The Growing Tech Boom in the 2016 Presidential Campaign

The Growing Tech Boom in the 2016 Presidential Campaign

The 2016 presidential candidates have reached out to many voters through the internet, which is a long leap from sending volunteers door-to-door in campaigns past. Unlike the capabilities of modern technologies, volunteers don’t have dossiers on all the residents that indicate where they work, how they vote, what issues motivate them, what their likes and dislikes are, and, certainly not, where they like to shop and go to dinner.

So, in reality, yes, today’s digitally-driven campaigns are indeed very different; they can identify and sort individual voters with uncanny specificity. And according to two online marketing experts who teach in the master’s in Technology Management (TM) program at Georgetown University’s School of Continuing Studies, these practices will become even more advanced in the future.

“The technology now exists for combining many platforms to make a smarter, holistic data set of potential supporters,” said Mikah Sellers, Chief Digital Officer for the branding agency Grafik and an instructor in the TM program. “That was something that just wasn’t possible before in any political campaign. It just wasn’t scaled down to that level.”

More Targeted and Effective

“You can create very sophisticated, targeted operations that will have a level of scientific precision that was previously impossible,” added Tyler Gray, Principal of the digital creative agency Gray Street Solutions. A 2014 graduate of the TM program, Gray is a Teaching Assistant in Sellers’s class on using innovative technology for branding and digital marketing.

Using the kind of advanced analytics and data-mining techniques pioneered by business marketers, campaigns can identify a host of voter characteristics; this enables them to sort voters into multiple groups for more targeted outreach.

“You can have 50 different ads that push something in different directions,” based on the characteristics of various voter groups, Sellers said. “It’s not just demographics, but also psychographics,” that is, the classification of people according to their values, attitudes, concerns, and other psychological variables.

In the 2004 presidential race, former Vermont Gov. Howard Dean was seen as innovative for using the internet to collect small donations. Five years later, Gray, then the Online Communications Director for 2009 Virginia Attorney General candidate Steve Shannon, tried to go a step further by collecting funds on a relatively new but growing social media site called Twitter.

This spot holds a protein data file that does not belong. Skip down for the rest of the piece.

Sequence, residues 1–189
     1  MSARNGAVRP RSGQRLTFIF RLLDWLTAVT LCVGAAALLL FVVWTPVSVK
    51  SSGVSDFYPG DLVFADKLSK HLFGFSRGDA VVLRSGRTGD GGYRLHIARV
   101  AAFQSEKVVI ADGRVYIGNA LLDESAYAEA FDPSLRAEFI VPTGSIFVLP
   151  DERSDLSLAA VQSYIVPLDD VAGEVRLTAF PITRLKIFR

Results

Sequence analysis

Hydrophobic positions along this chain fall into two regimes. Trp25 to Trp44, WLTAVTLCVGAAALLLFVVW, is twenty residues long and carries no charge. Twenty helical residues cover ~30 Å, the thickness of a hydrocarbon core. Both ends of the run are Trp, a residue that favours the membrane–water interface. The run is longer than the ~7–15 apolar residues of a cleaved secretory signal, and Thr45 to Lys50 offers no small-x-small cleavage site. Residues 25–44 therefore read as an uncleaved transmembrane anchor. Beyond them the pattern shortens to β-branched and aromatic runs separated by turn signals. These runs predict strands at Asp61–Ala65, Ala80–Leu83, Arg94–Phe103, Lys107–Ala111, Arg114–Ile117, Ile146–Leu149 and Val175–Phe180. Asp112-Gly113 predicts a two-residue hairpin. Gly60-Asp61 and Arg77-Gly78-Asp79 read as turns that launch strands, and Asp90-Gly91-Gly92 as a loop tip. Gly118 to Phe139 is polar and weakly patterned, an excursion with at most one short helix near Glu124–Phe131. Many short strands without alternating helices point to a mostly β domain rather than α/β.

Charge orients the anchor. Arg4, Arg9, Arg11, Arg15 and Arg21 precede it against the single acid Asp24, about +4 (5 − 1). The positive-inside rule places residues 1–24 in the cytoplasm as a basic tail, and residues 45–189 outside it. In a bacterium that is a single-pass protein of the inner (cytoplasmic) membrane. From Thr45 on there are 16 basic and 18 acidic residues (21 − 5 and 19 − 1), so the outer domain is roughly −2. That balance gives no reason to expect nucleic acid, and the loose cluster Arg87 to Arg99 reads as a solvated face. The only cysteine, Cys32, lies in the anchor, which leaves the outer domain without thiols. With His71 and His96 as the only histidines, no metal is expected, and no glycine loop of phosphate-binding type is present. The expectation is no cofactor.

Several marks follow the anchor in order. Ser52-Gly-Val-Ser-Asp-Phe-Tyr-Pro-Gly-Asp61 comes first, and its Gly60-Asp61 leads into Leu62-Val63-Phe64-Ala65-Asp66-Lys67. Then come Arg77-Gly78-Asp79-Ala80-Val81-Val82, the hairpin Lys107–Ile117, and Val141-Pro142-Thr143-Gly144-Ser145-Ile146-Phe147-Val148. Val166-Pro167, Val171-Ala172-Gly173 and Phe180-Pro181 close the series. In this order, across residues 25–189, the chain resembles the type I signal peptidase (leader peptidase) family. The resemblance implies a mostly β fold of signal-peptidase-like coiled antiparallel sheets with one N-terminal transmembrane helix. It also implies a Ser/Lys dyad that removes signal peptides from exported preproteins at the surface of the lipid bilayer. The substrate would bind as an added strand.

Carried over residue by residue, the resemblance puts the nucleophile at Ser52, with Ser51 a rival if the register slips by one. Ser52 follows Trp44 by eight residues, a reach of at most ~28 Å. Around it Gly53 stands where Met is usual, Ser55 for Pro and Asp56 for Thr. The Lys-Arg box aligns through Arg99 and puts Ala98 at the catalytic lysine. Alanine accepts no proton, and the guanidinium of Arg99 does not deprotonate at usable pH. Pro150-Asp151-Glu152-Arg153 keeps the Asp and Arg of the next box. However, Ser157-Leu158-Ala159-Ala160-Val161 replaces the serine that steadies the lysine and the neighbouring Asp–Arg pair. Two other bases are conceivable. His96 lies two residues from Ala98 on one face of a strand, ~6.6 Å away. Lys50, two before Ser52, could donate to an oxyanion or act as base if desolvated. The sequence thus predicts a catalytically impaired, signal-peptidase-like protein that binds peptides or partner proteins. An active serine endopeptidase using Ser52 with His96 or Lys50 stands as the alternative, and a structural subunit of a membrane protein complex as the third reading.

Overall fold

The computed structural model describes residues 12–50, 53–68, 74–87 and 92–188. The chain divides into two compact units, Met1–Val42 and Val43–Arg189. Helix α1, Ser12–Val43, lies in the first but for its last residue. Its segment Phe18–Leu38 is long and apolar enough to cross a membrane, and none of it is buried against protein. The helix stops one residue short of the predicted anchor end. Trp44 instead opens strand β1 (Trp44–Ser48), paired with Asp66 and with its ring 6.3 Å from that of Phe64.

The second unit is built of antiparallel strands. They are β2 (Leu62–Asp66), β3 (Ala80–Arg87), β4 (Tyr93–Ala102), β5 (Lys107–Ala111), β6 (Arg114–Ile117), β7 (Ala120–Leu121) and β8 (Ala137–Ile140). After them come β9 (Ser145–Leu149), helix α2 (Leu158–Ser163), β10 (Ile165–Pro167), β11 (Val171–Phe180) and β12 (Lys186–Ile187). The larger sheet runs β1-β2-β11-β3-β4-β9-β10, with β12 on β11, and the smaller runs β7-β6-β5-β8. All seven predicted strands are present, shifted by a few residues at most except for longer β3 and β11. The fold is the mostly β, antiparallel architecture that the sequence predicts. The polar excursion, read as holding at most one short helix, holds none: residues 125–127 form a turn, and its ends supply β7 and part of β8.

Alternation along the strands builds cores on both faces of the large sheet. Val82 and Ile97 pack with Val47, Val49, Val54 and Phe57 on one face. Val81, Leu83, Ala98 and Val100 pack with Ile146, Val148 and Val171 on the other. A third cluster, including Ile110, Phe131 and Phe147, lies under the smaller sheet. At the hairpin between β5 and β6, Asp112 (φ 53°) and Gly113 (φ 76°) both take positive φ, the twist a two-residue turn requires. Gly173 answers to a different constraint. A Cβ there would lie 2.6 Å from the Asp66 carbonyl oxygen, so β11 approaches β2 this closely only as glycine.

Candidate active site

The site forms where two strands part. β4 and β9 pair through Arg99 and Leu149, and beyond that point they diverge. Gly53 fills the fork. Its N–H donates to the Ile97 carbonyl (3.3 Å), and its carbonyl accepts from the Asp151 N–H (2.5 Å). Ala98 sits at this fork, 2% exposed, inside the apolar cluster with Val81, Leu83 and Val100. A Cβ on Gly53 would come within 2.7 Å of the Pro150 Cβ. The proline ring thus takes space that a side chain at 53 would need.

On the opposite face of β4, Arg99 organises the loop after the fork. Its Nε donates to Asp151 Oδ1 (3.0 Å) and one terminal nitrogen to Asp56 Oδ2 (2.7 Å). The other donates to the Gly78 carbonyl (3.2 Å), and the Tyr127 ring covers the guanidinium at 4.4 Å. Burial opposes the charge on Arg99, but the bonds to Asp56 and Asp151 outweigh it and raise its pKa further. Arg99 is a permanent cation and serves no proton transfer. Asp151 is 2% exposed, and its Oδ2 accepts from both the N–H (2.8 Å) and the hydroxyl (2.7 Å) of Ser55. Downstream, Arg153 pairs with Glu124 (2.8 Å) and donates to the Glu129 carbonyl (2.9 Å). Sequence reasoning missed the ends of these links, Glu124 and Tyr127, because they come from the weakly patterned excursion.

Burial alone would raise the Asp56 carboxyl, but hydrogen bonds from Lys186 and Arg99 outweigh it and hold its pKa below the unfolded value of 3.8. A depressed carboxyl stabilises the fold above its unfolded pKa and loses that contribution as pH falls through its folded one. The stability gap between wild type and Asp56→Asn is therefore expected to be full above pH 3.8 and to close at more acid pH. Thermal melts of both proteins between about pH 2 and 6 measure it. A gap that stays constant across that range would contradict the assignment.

As it turned out, Gray was just a little too early.

“Was it successful in terms of raising a lot of money? No.” Gray said with a laugh.

Now a Necessity

But what a difference seven years has made. In this year’s presidential campaign, a robust online presence—Twitter included—is indispensable and potentially quite lucrative, as Democrat Bernie Sanders recently demonstrated. In the 24 hours after his New Hampshire Primary victory, the Vermont Senator raised $6 million online from an average donation of just $27.

Judging by the growing number of voters using social media to follow campaigns, these online efforts will keep expanding. According to a report last year from the Pew Research Center, 16 percent of registered voters followed political figures on social media in 2014, up from 6 percent in 2010. The biggest percentage increase was among 30- to 49-year-olds, whose social media following of political figures more than tripled, from 6 percent to 21 percent.

Increasingly, candidates are announcing policy positions—even engaging in debates—on social media.

“Technology is now the focus of the campaign, rather than something that supports it,” Sellers said. “The data scientist in these campaigns is going to be as important as the campaign manager.”

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